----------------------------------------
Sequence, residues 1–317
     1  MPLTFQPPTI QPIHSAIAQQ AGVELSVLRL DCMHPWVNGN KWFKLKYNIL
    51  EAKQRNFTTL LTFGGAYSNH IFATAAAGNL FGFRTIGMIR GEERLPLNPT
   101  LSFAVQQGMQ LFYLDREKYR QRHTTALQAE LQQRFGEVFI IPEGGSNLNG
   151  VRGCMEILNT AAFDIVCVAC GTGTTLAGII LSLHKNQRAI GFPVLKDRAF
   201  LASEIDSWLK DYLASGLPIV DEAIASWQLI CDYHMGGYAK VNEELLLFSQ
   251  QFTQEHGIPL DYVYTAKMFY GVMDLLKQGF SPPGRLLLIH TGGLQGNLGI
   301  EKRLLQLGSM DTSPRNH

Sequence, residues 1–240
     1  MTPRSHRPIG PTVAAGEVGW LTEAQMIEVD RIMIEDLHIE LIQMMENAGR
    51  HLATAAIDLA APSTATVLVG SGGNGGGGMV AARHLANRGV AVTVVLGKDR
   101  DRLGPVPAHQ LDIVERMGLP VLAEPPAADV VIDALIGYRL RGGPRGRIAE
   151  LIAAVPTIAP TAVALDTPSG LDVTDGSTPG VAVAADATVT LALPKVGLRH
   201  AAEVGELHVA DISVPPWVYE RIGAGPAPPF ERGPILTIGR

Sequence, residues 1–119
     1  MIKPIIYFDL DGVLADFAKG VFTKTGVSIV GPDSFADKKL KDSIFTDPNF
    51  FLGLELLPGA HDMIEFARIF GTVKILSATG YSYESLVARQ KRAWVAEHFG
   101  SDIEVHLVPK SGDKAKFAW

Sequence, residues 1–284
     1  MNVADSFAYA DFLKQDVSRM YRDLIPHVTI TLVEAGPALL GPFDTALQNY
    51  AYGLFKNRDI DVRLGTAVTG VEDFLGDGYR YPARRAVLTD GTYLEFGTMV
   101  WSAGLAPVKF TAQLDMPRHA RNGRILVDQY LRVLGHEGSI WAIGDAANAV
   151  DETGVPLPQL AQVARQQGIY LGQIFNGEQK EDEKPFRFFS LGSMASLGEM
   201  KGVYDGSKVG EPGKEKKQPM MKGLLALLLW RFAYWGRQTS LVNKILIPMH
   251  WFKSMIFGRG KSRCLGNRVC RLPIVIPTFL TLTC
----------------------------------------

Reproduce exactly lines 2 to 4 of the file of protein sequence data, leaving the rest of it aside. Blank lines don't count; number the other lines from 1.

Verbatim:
     1  MPLTFQPPTI QPIHSAIAQQ AGVELSVLRL DCMHPWVNGN KWFKLKYNIL
    51  EAKQRNFTTL LTFGGAYSNH IFATAAAGNL FGFRTIGMIR GEERLPLNPT
   101  LSFAVQQGMQ LFYLDREKYR QRHTTALQAE LQQRFGEVFI IPEGGSNLNG